Interview: US crypto regulation

    Last week, we published a piece assessing the increasingly hostile environment which the cryptocurrency industry faces in the US. 

    The sector is being squeezed following a year that saw multiple scandals flood the industry, highlighted by the collapse of cryptocurrency exchange FTX in November and the Terra ecosystem last May. 

    American regulators have begun to move into the space. In February, the Binance-branded stablecoin, BUSD, was shut down. Coinbase was issued with a Wells notice in March. The Commodity Futures Trading Commission charged Binance and its CEO, Changpeng Zhao, for various violations soon after.  

    Some believe regulators are unfairly targeting the crypto sector. Others think the punitive stance is well overdue, and that the industry brought it upon itself for deliberately skirting laws over the past few years. 

    To get an insider’s view, we sat down with Konstantin Shulga, CEO and co-founder of Finery Markets, the OTC trading solutions provider for digital assets. 

    Invezz (IZ): With the regulatory climate becoming more hostile in the US, do you think more companies will flee abroad?

    Konstantin Shulga (KS): The US crypto market could lose its edge if they don’t get their regulatory act together. While the country boasts of some great projects, its regulatory framework is lagging behind that of other nations. Europe, with Germany at the forefront, Hong Kong, Switzerland, and the UAE are making significant strides in crypto regulations, leaving the US in their wake.

    The US can still maintain its status as a blockchain innovator, but law by enforcement tactics and recent events such as so called “Operation Choke point 2.0” and are putting undue pressure on the industry. Despite the industry being over a decade old, policymakers and financial authorities are yet to reach a consensus on all aspects of crypto regulations.

    Businesses will always gravitate towards jurisdictions with favourable regulation and ease of doing business, and the US risks losing out on these opportunities. The question is, will the US step up and take action to ensure it remains at the forefront of blockchain innovation, or will it watch as other nations take the lead?

    IZ: Do you think the US’ aggressive regulatory clampdown will significantly hurt the crypto industry, even if companies move abroad?

    KS: The industry was a living, breathing organism, capable of adapting and evolving to its surroundings on a global scale. It had withstood challenges in the past, and was poised to do so again. The blockchain held the potential to revolutionise finance, banking, and payment processing, eliminating weak points and increasing transparency and security. 

    A plethora of brilliant minds were eagerly working on innovative projects, and it was hard to fathom that the industry as a whole would suffer. However, a slowdown was possible, as the US had always been a breeding ground for innovators. Ultimately, the impact of the regulatory clampdown on the crypto industry will depend on the specific regulations that are implemented and how companies choose to respond to them.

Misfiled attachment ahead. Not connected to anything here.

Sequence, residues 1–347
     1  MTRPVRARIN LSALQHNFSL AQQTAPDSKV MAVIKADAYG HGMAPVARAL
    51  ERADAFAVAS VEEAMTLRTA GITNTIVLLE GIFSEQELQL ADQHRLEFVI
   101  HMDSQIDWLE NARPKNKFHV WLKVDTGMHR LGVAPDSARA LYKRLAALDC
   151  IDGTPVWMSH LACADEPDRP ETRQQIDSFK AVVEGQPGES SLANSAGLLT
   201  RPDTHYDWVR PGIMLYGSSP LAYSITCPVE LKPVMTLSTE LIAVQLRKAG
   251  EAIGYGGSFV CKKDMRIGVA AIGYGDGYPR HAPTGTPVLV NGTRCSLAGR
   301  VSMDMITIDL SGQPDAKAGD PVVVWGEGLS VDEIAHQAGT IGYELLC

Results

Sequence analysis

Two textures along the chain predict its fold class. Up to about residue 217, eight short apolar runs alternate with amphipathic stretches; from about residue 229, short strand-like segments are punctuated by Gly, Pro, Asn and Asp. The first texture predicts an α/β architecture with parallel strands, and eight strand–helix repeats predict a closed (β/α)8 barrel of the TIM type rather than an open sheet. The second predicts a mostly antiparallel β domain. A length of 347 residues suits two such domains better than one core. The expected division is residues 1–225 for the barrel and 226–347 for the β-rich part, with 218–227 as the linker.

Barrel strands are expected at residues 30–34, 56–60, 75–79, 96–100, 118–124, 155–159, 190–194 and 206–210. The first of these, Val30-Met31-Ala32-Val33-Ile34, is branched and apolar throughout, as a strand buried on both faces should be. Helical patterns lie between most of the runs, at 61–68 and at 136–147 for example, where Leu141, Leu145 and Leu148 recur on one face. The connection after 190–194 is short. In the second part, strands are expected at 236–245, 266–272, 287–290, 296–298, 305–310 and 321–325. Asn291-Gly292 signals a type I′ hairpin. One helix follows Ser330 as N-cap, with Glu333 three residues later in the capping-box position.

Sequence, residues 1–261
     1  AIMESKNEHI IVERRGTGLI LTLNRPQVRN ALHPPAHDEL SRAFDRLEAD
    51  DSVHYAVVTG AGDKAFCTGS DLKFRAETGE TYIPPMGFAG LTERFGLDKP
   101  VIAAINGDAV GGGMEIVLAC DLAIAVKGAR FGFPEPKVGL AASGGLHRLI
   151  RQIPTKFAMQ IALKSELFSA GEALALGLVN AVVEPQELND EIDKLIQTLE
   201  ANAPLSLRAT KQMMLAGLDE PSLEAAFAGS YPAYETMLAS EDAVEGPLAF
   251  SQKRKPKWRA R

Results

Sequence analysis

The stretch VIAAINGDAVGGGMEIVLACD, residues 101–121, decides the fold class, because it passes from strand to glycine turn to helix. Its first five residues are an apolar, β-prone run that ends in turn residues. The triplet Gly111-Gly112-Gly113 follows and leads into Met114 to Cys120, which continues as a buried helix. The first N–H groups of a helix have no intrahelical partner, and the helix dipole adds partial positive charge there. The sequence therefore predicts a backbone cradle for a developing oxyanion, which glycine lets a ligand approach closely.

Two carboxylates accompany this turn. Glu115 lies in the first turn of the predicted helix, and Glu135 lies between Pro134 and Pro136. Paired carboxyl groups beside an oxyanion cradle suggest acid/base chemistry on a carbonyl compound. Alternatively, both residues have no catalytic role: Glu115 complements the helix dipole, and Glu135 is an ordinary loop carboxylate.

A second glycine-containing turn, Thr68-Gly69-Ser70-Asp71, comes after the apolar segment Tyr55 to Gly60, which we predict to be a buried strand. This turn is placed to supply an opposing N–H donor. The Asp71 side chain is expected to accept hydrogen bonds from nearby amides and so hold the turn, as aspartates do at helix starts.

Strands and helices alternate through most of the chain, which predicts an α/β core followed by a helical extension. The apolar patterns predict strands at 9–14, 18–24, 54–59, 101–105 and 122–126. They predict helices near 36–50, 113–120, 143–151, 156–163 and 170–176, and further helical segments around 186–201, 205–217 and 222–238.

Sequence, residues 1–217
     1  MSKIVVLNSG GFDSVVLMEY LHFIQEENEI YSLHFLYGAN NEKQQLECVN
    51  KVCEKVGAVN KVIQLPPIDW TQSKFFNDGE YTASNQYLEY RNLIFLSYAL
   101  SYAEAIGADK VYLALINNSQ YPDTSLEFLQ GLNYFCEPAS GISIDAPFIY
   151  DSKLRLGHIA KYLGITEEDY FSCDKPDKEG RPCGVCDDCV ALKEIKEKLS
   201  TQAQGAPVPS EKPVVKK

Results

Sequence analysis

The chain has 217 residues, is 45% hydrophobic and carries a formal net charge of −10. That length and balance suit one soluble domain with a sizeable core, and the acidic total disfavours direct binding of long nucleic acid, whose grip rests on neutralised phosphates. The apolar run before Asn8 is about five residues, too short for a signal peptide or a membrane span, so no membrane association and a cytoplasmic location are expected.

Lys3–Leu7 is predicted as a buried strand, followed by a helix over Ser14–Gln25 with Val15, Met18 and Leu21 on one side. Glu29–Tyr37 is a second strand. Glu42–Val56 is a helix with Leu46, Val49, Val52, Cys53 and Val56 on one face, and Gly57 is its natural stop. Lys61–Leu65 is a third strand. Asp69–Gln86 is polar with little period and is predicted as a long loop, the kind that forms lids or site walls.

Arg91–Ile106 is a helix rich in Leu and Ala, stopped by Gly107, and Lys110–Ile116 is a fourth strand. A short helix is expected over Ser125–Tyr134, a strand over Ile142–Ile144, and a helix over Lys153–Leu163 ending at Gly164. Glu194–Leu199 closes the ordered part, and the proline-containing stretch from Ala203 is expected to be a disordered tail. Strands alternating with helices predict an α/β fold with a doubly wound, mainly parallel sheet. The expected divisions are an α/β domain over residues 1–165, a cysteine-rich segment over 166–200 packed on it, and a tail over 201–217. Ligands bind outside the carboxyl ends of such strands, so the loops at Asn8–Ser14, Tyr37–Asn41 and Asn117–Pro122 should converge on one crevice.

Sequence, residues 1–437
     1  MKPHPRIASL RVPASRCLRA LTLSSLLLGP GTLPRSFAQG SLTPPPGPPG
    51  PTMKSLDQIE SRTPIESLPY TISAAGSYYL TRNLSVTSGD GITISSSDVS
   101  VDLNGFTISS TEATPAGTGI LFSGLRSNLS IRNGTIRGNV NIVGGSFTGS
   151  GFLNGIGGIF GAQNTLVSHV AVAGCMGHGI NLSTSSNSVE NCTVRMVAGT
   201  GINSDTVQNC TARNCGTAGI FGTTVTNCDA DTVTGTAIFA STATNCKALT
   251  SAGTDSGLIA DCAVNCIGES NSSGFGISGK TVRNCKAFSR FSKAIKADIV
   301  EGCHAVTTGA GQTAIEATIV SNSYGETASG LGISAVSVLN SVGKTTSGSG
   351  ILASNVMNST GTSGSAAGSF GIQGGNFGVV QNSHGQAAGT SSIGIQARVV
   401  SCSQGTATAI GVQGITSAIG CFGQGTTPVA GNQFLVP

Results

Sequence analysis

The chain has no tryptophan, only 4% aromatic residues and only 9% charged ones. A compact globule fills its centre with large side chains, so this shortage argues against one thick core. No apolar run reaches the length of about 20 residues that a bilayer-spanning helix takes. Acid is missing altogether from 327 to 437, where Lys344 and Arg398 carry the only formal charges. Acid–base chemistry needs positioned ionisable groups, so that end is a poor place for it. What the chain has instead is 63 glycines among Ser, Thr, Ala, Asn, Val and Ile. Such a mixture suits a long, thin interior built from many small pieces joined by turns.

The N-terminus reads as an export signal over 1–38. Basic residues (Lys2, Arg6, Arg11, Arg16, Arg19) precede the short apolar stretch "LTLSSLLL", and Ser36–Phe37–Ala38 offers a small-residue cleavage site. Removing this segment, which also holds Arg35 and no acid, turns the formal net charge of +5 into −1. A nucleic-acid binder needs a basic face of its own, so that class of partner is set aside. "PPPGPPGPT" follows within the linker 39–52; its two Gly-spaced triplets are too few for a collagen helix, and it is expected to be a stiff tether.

IZ: Some have criticised regulators for a perceived lack of regulatory clarity when it comes to crypto. Where do you stand on this?

    KS: As a provider of multi-dealer trading solutions for institutional crypto trading, we’ve always been advocates for clear-cut regulations that don’t stifle innovation, but do safeguard investors. We’re excited about the potential of a market with lower regulatory risks, but we recognize that cryptocurrencies have made things more complicated for financial regulators. 

    Developing consistent policies is difficult, especially taking into account complex aspects of the financial system from monetary policy, capital account regulation, legal status and related tax rules, to prudential, conduct, and oversight requirements for market participants. This may explain why there is still a lot of uncertainty surrounding the regulation of crypto, and debates continue to persist. 

    With that being said, it’s clear that this industry has been around for over a decade. However, the more gaps there are in regulations, the more challenging it becomes to enforce them without causing harm. It is therefore imperative that the financial authorities step in and take action, as the industry eagerly awaits their actions. 

    IZ: The regulatory discussion has brought up a lot of debates about the good and bad of crypto, especially in the context of all the scandals that have taken place over the last year. Do you believe the good of crypto outweighs the bad?

    KS: The best way to ensure consumer protection and reduce fraud in the crypto space is to create robust regulations that leave no room for fraudsters to operate. Over the past few years, financial authorities have been working hard to gather the necessary knowledge and expertise to create rules that ensure the safety of market players.

    However, it’s important to strike a balance between protecting consumers and allowing this innovative technology to continue to grow and evolve. From trading to investing to payments, the potential of cryptocurrency is limitless, and we are interested in seeing regulations that encourage this exciting new frontier.

    IZ: What jurisdictions stand out to you as offering favourable crypto regulation, and do you think they will see an influx of activity from the industry in the future?

    KS: Europe, with Germany at the forefront, as well as Hong Kong, Switzerland, and the UAE, are making significant strides in crypto regulations. These regions are considered well-regulated jurisdictions, which is attracting crypto businesses to them.

    The post Interview: US crypto regulation appeared first on Invezz.

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